John Derbyshire: Starve Portland Out! And Back The Blue—With A Cold Eye     
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[Excerpted from the latest Radio Derb, now available exclusively through]

Our nation's Constitution is getting something of a stress test up in the Northwest, especially in the city of Portland. Anarchist rioters have been assaulting the federal courthouse there, along with of course some vandalizing and looting of private property on the side.

(No, I don't mean to imply that these rioters are inspired by the writings of Peter Kropotkin, Michael Bakunin, and Max Stirner. I'd be very surprised to learn that any of them are inspired by anything more erudite than Marvel Comics and Teen Vogue. We need some way to refer to them collectively, though, and a fully-informative descriptor like "Soros-funded alliance of Occupy, Antifa, Black Lives Matter, and opportunistic black looters" just isn't snappy enough.)

The constitutional issue here: the proper role of federal law-enforcement in local disturbances. It's been an issue at some level or other since the very beginnings of the Republic, since the Whiskey Rebellion of the 1790s.

A fundamental principle at play here: localism, also known as the principle of subsidiarity, which says that public issues should be managed and decided at the lowest level able and willing to decide them. You don't want bureaucrats in Washington, DC telling you whether or not you can build a treehouse in your back yard.

Over against that is the body of our fundamental rights and duties as citizens of a common nation. If my town decides that it's OK for me to practice human sacrifice in my back yard, higher authorities will have something to say about it, and it's right that they should.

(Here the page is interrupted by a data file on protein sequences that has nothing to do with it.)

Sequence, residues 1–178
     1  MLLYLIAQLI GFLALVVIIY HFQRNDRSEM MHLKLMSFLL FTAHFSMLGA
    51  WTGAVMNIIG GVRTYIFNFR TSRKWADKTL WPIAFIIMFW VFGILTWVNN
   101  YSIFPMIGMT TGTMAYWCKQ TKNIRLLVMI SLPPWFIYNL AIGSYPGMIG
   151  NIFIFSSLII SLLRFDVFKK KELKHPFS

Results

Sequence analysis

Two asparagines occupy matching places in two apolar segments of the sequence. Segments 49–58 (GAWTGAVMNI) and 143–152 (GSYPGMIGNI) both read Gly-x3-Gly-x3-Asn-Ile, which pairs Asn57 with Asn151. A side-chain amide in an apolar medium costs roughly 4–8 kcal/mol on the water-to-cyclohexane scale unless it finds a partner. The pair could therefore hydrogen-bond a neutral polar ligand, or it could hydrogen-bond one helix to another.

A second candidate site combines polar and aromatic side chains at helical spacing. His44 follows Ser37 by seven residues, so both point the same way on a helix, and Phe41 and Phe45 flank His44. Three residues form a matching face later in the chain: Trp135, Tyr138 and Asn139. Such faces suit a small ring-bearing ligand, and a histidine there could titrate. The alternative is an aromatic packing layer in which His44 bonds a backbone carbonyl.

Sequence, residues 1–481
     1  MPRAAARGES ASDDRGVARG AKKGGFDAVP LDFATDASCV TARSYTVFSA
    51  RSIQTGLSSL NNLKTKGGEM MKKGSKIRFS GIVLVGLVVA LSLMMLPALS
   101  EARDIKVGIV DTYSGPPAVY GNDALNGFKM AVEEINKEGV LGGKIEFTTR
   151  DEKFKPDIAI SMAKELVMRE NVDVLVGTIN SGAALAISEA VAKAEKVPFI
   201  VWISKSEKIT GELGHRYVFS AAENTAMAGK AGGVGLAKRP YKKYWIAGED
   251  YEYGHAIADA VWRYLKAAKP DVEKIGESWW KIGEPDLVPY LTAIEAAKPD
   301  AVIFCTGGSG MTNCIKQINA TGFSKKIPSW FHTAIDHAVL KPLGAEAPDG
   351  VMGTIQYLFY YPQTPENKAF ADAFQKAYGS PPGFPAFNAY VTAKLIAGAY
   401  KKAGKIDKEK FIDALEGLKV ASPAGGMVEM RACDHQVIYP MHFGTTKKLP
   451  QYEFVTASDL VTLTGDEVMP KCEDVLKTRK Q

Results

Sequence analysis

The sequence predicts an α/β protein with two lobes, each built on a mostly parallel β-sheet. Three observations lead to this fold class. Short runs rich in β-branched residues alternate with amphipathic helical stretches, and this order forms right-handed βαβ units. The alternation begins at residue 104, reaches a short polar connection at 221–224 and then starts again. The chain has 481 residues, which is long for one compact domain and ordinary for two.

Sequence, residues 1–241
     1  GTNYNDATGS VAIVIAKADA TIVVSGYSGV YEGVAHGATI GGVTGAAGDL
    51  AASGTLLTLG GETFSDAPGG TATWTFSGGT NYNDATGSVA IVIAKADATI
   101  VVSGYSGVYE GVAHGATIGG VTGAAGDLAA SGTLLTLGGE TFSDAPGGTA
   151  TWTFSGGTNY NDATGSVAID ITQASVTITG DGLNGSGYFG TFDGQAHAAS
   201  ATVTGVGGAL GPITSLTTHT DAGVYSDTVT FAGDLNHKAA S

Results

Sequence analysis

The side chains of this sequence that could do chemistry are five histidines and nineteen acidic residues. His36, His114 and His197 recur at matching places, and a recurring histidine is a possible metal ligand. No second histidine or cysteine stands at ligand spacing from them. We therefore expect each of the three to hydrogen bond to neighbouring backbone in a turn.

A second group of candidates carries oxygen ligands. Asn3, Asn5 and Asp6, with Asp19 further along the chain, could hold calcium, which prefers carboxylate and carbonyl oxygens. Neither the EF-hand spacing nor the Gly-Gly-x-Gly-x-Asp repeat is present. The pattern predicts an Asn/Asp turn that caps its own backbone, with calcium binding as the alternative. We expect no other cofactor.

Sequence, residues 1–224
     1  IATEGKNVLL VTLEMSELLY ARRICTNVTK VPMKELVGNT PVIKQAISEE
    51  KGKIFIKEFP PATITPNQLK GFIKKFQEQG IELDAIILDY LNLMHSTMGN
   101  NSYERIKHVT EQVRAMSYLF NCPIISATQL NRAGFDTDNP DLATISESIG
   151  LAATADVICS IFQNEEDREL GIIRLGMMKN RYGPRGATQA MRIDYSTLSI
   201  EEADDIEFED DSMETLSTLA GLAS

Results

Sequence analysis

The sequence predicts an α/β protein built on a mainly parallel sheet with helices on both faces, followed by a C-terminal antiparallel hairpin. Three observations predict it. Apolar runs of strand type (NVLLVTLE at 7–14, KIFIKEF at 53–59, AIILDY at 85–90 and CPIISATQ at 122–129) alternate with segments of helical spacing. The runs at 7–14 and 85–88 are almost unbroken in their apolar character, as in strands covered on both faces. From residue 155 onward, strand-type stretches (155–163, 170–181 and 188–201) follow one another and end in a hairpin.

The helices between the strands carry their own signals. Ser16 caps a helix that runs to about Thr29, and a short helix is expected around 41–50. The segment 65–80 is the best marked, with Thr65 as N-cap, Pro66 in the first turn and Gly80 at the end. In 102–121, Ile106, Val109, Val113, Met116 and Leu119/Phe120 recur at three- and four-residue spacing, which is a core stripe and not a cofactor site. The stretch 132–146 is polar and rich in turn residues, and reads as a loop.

So what if turbulence well above the window-breaking variety goes on night after night for weeks? And what if the local levels of law enforcement—municipal and state—can't control it?

Ideally what you'd want to happen then is, those authorities would call on the feds to take over. The feds would come in and restore order, and life would get back to normal.

But what if the local elected officials don't want to do that? What if, for one reason or another—cold political calculation, perhaps, or a much warmer belief that the guy in charge of the feds is Literally Hitler—what if the Mayor and the Governor prefer the turbulence to just go on, even when rioters are assaulting federal facilities?

A sidebar issue here: the democratic legitimacy of those officials. There are high levels of apathy in municipal voting. I have previously noted the case of New York City, which twice elected Bill De Blasio, a crazy communist, as mayor, on turnouts of thirteen percent and eighteen percent.